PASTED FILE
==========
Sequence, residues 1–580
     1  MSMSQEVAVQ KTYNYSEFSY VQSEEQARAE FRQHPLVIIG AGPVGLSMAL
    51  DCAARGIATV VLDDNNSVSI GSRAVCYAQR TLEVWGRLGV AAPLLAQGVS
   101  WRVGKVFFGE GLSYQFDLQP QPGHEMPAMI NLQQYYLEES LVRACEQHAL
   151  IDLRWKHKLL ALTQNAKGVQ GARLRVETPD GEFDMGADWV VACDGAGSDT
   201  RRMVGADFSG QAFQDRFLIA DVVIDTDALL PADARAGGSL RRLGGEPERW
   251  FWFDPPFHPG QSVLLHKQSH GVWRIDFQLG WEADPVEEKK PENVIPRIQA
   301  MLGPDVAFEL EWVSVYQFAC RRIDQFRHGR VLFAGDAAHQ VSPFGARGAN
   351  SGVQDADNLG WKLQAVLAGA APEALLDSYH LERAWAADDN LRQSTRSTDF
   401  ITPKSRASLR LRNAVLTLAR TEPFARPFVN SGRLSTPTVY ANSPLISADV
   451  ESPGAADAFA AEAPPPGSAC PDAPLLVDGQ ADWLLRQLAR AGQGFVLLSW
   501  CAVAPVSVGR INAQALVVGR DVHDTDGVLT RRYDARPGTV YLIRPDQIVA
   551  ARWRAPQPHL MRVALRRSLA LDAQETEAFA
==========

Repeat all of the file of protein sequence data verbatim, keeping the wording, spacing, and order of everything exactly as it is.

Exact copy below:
Sequence, residues 1–580
     1  MSMSQEVAVQ KTYNYSEFSY VQSEEQARAE FRQHPLVIIG AGPVGLSMAL
    51  DCAARGIATV VLDDNNSVSI GSRAVCYAQR TLEVWGRLGV AAPLLAQGVS
   101  WRVGKVFFGE GLSYQFDLQP QPGHEMPAMI NLQQYYLEES LVRACEQHAL
   151  IDLRWKHKLL ALTQNAKGVQ GARLRVETPD GEFDMGADWV VACDGAGSDT
   201  RRMVGADFSG QAFQDRFLIA DVVIDTDALL PADARAGGSL RRLGGEPERW
   251  FWFDPPFHPG QSVLLHKQSH GVWRIDFQLG WEADPVEEKK PENVIPRIQA
   301  MLGPDVAFEL EWVSVYQFAC RRIDQFRHGR VLFAGDAAHQ VSPFGARGAN
   351  SGVQDADNLG WKLQAVLAGA APEALLDSYH LERAWAADDN LRQSTRSTDF
   401  ITPKSRASLR LRNAVLTLAR TEPFARPFVN SGRLSTPTVY ANSPLISADV
   451  ESPGAADAFA AEAPPPGSAC PDAPLLVDGQ ADWLLRQLAR AGQGFVLLSW
   501  CAVAPVSVGR INAQALVVGR DVHDTDGVLT RRYDARPGTV YLIRPDQIVA
   551  ARWRAPQPHL MRVALRRSLA LDAQETEAFA